Small businesses:

As Americans made their sudden transition to lockdown life, the US economy faced what was considered the worst recession in American history since the Great Depression. The future looked especially unclear for small businesses, which rely on local customers to keep their livelihoods afloat. In response to this, the call to support our favorite local spots became a defining factor of pandemic life, with Twitter threads listing local restaurants to order from in cities across the country, and public figures calling Americans to shop local during the lockdown. This push to buy from small businesses pertained to small fashion shops as well, especially to those of us who developed a serious online shopping problem in quarantine. From Etsy businesses to Instagram boutiques, to resale shops on Depop, thousands of shoppers turned to small clothing and accessory brands for high quality, unique designs. Not to mention, the growing push for sustainable fashion that continued to gain traction during the pandemic converted customers from large fast fashion companies to ethically made garments from small creators. All of a sudden, fashion was no longer limited to the large corporations that dominated the industry, rather bringing much-needed attention to the little guy during their time of need.

Equally as important, if not more so than the push to support small brands, was the emphasis on supporting black-owned businesses. This summer saw a monumental and long overdue rise in support for the Black Lives Matter movement, as activists across the country expressed their outrage in response to the murders of George Floyd, Breonna Taylor, and hundreds of other innocent members of the black community at the hands of police. As protestors demanded justice for these disgusting acts of racism, along with change in the racist policies that perpetuated the threats to BIPOC, thousands of Americans began sharing their favorite black-owned businesses that are too often overlooked. Since the fashion industry is predominantly white, the push to support black-owned clothing, jewelry, and accessory brands is a dynamic and extremely important step towards progress in an industry notorious for its lack of diversity. Though there is still a lot of work to be done on behalf of the fashion world to make a more inclusive environment, the Black Lives Matter movement sparked much-needed action in diversifying our shopping habits.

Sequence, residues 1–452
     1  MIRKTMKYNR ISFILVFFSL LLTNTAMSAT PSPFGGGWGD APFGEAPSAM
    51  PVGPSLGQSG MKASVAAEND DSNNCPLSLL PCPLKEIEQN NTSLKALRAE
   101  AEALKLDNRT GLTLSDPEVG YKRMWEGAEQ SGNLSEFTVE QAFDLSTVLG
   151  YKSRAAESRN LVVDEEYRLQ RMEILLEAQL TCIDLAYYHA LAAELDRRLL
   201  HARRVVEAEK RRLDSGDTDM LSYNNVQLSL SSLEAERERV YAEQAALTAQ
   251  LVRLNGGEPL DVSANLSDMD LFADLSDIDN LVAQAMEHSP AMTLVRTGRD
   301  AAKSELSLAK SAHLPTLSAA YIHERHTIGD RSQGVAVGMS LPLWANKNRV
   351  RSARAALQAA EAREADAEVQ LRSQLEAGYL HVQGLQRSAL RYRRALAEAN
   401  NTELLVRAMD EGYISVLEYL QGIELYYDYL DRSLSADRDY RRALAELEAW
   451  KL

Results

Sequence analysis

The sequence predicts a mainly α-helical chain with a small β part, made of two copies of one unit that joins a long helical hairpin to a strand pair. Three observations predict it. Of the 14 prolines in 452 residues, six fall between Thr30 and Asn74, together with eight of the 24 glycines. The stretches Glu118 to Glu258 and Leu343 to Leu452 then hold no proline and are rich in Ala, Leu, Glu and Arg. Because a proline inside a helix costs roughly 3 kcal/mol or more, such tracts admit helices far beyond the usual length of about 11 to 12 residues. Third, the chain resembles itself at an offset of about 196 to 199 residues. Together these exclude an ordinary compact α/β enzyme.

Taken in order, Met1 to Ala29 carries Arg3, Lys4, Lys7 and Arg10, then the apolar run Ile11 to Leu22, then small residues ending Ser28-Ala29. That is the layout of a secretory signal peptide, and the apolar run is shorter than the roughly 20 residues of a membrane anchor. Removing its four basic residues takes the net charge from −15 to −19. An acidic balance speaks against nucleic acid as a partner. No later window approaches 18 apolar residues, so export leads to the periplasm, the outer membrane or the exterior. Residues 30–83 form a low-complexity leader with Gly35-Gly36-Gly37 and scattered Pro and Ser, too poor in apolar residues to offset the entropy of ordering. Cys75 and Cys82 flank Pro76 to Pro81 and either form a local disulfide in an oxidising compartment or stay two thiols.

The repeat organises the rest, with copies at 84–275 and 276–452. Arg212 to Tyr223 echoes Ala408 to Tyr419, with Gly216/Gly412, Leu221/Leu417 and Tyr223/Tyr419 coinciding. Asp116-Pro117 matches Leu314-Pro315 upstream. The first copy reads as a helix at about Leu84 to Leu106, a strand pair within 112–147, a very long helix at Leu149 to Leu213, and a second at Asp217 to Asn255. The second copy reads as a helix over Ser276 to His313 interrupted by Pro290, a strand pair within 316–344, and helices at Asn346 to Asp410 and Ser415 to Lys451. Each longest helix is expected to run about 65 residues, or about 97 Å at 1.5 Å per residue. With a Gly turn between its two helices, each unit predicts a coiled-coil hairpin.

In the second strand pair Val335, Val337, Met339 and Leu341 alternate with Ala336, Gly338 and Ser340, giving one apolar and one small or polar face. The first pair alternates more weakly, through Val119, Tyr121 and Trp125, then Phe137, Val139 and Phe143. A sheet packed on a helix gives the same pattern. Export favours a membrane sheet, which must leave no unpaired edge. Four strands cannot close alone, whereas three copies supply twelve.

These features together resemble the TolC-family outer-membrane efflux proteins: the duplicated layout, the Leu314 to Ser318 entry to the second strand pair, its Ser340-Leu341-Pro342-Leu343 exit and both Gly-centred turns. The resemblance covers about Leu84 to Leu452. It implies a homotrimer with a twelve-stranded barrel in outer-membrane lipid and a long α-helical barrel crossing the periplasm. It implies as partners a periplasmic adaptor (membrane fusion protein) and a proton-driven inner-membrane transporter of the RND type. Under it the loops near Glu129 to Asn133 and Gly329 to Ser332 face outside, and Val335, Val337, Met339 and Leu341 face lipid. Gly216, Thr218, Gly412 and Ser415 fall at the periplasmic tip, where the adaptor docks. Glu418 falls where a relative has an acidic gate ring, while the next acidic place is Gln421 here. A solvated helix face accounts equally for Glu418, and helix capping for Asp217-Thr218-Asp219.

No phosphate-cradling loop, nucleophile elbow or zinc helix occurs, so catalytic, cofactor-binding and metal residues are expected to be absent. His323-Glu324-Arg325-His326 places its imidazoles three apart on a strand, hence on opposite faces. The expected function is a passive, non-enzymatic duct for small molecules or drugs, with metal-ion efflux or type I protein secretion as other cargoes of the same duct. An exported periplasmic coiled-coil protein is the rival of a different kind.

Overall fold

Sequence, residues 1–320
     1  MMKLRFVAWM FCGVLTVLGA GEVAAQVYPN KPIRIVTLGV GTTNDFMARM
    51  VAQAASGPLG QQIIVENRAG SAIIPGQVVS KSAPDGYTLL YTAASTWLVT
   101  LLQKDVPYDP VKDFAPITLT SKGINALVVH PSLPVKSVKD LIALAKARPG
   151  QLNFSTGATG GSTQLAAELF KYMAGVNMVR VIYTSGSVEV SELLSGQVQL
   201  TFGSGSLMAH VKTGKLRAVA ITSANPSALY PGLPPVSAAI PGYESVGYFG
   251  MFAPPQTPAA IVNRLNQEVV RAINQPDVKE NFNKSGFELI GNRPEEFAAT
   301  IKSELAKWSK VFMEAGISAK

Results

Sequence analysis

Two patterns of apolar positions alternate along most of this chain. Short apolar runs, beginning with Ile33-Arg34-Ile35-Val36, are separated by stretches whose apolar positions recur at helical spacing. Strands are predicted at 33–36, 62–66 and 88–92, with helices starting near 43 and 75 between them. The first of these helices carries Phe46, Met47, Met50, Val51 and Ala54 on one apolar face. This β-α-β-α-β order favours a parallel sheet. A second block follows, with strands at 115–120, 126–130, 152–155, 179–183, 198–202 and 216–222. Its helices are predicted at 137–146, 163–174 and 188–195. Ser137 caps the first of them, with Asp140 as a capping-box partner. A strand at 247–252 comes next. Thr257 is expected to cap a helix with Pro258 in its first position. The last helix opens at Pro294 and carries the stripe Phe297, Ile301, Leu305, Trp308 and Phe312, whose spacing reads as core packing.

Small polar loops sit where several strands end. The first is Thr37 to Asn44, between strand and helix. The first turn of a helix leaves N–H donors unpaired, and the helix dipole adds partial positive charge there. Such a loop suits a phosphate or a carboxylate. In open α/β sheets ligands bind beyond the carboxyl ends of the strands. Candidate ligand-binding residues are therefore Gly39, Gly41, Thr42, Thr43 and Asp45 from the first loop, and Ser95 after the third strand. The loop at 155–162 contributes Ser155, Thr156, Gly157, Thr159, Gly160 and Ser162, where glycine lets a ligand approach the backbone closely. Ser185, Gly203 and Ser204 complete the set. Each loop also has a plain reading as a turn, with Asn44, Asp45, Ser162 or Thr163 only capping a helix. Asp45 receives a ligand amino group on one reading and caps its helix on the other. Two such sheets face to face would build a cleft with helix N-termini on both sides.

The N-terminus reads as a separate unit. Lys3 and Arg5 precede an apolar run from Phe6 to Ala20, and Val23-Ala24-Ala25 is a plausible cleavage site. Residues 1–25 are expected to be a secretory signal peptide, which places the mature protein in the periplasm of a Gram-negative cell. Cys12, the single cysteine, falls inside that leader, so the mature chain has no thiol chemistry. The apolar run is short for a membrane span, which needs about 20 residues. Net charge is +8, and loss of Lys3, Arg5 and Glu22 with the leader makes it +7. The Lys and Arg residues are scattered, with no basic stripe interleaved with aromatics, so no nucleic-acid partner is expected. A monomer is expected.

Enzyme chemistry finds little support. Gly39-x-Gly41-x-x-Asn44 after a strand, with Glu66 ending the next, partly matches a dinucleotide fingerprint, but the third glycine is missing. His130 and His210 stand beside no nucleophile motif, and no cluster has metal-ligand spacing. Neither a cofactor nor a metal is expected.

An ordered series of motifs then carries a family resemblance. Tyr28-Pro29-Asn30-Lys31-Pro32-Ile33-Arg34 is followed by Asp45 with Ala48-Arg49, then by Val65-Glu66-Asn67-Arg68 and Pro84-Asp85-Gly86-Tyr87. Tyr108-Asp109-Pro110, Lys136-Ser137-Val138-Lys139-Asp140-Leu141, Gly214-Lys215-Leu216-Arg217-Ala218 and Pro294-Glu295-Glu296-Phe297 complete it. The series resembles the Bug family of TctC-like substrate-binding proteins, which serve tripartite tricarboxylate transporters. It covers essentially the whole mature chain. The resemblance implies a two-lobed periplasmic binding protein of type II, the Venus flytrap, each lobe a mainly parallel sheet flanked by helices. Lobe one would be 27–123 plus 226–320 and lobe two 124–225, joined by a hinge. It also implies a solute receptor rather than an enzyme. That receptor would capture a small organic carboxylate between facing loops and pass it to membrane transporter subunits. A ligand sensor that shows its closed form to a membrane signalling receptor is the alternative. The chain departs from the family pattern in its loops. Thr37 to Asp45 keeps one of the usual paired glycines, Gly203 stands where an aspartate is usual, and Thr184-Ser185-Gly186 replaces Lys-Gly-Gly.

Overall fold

Despite the drastic changes made in the fashion world in response to the pandemic, I want to emphasize that the current state of the world is so much more abstract than the progress in fashion. Though fashion evolution is certainly apparent and interesting to reflect on, the larger effects of COVID are not ones to celebrate. To me, the most difficult part about writing a fashion article centered around COVID-19 isn’t putting the research together, nor analyzing information in a coherent way. Rather, it’s the phrasing of it. How on earth can I write about clothes in relation to something as horrific as this pandemic? How can I be respectful about it? I would love to tie this article up into a neat little bow, but even after living through all this for over a year, the devastation of the virus still leaves me at a loss for words. That’s why I love the way we dress so much. It reflects the world around us in a way that I often struggle to find the words for, defining each moment of our history, once in a lifetime or not. 

I can’t wait to see how we define our next moment.